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NASA has discovered a haven on Mars, which may once have hosted life, and the next mission to the Red Planet to see if there is any fossil evidence of alien life.
Two new studies have found that the Lake Crater, where the Mars 2020 rover is slated to land on Aug. 18, 2021, and contains the mineral deposits of hydrated silica gel, a substance that is “very good” on the preservation of biosignatures.
With the help of a technology that will help us to find out more rare and hard-to-detect-a mineral phase, the data is out of a job space, we find that the two outcrops of hydrated silica within the Jezero crater,” said the lead author of the research, Jesse Tarnas, in a statement. “We’re out of the Earth, which is the mineral phase, it is rare for the preservation of microfossils and other biosignatures, so that makes this a focused, exciting goals for the rover to explore.”
Lighter colors indicate higher elevation, in the view of the Jezero Crater on Mars, site of NASA’s Mars 2020 mission. The oval shows the landing ellipse, which is where the rover will touch down on Mars. Credit: NASA/JPL-Caltech/MSSS/JHU-APL/ESA
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In November 2018, NASA announced that it had chosen the Lake Crater, a 28-meter-wide hole in the ground, as well as the location where the Mars 2020 will land rover on the Red Planet.
Lake may be the home of a former lake, and was the rivers that flow into the lake. The presence of silica, could be a huge coup for the finding of a fossil is evidence of life, said Jack Mustard, one of the study’s co-authors.
The researchers used data from the Compact Reconnaissance Imaging Spectrometer for Mars (CRISM) instrument on the Mars Reconnaissance Orbiter, and found out two sites in the Lake Crater and that contain silica deposits.
“It’s the material that forms the base of a delta, may be the most productive in terms of the preservation of biosignatures,” Mustard added, in a statement. “So, if you can find it under the setting to low, and low did a lot of silica in it, then that’s a double bonus.”
In this study, which was published in the scientific journal Geophysical Research Letters.
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In a separate study, published in the scientific journal Icarus, the researchers using the CRISM data in order to find a “bath ring” of carbonate minerals along the inside the edge of the Lake. NASA said the cb is also useful for the preservation of ancient life in fossil form, in particular the mention of sea shells, corals, and some of the stromatolites.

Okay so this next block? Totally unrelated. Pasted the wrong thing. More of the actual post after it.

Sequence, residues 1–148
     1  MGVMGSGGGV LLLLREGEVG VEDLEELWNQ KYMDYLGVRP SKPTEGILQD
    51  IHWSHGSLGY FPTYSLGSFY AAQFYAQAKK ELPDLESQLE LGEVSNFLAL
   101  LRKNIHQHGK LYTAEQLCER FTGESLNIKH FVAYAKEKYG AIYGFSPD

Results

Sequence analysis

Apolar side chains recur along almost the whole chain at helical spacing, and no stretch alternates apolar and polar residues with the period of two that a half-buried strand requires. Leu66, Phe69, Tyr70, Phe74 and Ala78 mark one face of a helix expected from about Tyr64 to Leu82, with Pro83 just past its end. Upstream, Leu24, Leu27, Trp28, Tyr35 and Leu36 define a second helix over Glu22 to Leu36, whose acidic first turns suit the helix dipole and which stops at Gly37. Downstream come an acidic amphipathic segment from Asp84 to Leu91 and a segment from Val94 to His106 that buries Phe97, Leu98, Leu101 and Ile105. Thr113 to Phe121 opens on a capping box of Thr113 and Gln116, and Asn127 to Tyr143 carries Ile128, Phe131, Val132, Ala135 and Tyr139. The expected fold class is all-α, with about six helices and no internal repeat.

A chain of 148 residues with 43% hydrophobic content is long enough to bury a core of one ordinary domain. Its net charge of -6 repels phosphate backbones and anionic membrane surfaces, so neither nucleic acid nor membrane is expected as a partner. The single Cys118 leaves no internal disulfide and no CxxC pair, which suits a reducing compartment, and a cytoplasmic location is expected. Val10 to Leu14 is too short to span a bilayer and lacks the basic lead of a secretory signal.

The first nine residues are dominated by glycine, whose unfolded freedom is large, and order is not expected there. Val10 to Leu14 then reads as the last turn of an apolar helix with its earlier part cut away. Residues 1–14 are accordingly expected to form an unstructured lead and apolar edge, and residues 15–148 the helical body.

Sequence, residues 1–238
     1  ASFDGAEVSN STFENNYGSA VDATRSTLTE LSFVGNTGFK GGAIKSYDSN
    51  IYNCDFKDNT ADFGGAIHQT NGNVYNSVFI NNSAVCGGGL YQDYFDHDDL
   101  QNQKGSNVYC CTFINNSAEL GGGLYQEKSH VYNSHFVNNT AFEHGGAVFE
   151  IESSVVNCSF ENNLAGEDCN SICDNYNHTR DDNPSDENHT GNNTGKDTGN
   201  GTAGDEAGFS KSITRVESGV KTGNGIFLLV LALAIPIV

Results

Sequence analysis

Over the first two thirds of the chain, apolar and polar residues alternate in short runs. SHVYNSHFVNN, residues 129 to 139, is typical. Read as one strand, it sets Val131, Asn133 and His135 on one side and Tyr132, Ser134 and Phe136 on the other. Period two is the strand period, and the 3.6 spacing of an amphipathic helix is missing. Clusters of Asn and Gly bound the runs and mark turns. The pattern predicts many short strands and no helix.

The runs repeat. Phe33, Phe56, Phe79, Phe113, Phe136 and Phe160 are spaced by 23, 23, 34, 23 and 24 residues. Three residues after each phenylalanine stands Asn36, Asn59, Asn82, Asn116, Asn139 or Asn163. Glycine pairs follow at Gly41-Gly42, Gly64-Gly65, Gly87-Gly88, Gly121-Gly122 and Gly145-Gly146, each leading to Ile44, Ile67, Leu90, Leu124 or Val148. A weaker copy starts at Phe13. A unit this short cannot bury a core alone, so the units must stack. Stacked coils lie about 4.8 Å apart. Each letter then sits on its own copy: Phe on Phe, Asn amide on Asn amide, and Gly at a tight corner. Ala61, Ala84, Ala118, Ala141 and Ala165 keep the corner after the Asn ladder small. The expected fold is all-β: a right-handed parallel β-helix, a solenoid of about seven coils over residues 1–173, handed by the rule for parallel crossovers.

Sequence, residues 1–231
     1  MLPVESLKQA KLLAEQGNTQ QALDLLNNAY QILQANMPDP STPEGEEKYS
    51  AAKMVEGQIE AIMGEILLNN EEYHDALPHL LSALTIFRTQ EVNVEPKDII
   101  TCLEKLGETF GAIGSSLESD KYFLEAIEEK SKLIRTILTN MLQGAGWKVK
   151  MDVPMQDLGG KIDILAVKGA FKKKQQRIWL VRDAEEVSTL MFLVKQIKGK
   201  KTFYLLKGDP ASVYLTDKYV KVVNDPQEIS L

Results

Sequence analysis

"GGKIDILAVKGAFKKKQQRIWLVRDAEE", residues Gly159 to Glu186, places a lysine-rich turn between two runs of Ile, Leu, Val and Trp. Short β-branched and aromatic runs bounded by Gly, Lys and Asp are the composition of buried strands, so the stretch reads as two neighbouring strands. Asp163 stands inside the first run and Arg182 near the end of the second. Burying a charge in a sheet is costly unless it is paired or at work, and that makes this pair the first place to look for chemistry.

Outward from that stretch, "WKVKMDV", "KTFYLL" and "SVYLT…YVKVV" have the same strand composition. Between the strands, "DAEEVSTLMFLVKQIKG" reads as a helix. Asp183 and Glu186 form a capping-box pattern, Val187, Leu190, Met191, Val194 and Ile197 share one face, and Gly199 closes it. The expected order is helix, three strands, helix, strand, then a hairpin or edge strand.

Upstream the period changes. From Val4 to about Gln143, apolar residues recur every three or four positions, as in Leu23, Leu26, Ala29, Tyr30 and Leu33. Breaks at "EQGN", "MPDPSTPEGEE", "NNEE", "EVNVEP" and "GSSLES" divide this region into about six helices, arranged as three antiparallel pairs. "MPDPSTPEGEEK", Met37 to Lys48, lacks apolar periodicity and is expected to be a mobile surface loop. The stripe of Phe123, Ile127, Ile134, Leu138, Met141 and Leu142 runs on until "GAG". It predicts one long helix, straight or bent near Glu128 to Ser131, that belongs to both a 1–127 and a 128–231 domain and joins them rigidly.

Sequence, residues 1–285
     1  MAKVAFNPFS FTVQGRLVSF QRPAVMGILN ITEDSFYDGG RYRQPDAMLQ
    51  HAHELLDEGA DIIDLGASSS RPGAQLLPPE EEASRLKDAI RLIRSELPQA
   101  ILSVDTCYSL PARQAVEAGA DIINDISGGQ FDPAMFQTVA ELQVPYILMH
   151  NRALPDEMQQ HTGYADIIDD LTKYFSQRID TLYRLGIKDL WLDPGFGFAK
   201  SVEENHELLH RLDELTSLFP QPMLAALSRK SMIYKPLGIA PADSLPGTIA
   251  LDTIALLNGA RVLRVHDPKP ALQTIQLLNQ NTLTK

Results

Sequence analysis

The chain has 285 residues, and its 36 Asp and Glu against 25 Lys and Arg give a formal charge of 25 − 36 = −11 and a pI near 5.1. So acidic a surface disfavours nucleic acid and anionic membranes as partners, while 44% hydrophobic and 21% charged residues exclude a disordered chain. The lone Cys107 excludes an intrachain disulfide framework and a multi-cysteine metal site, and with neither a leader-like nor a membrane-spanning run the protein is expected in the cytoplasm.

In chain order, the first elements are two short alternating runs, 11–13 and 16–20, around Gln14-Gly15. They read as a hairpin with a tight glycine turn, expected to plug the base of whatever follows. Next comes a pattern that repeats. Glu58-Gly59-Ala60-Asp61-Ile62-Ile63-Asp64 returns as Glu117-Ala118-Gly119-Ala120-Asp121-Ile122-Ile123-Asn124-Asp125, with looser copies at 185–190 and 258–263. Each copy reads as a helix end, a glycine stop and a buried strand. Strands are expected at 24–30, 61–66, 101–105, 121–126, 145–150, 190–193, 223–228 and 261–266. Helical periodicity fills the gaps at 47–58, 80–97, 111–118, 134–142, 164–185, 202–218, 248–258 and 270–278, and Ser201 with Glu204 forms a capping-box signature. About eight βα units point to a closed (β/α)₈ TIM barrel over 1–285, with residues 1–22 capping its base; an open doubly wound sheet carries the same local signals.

The color is added to highlight the minerals that are in the image of Jezero Crater on Mars, site of NASA’s Mars 2020 mission. The green color represents the minerals, called carbonates, which are especially effective in the preservation of fossils of life on Earth. (Credit: NASA/JPL-Caltech/MSSS/JHU-APL/Purdue/USGS)
“CRISM spotted the soda ash here, many years ago, but we have recently noticed is how focused they are, which is a lakeshore would have to be,” said the paper’s lead author, Briony Horgan, in a statement posted on NASA’s web site. “We’re going to encounter of carbonate deposits in a lot of places in the mission, but the bathtub ring is one of the most exciting places to visit.”
It is unclear as to when the carbonates were formed, but the Mars 2020 deputy project scientist, Ken Williford said that the mere presence of them has been exciting for researchers in the field.
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“The possibility that the marginal carbonates formed within the lake and surrounding area is one of the most exciting features that led us to our Lake landing site,” Williford added in the statement. “Carbonate chemistry in an old bank, it is a great recipe for the preservation of the records of the old life and the environment. We can’t wait to get to the surface, and see how it carbonates to be formed.”
Earlier this month, NASA’s Curiosity rover discovered oxygen “to act in a way that many people are not able to say,” on the Red Planet. In June, the Curiosity, which is exploring the Gale Crater since it landed on Mars in August 2012, was discovered in an “extremely high” levels of methane on Mars.
On Earth, methane is produced both biologically and geologically, but it is not clear what the source of the methane spike on Mars.
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Fox News’ James Rogers contributed to this story.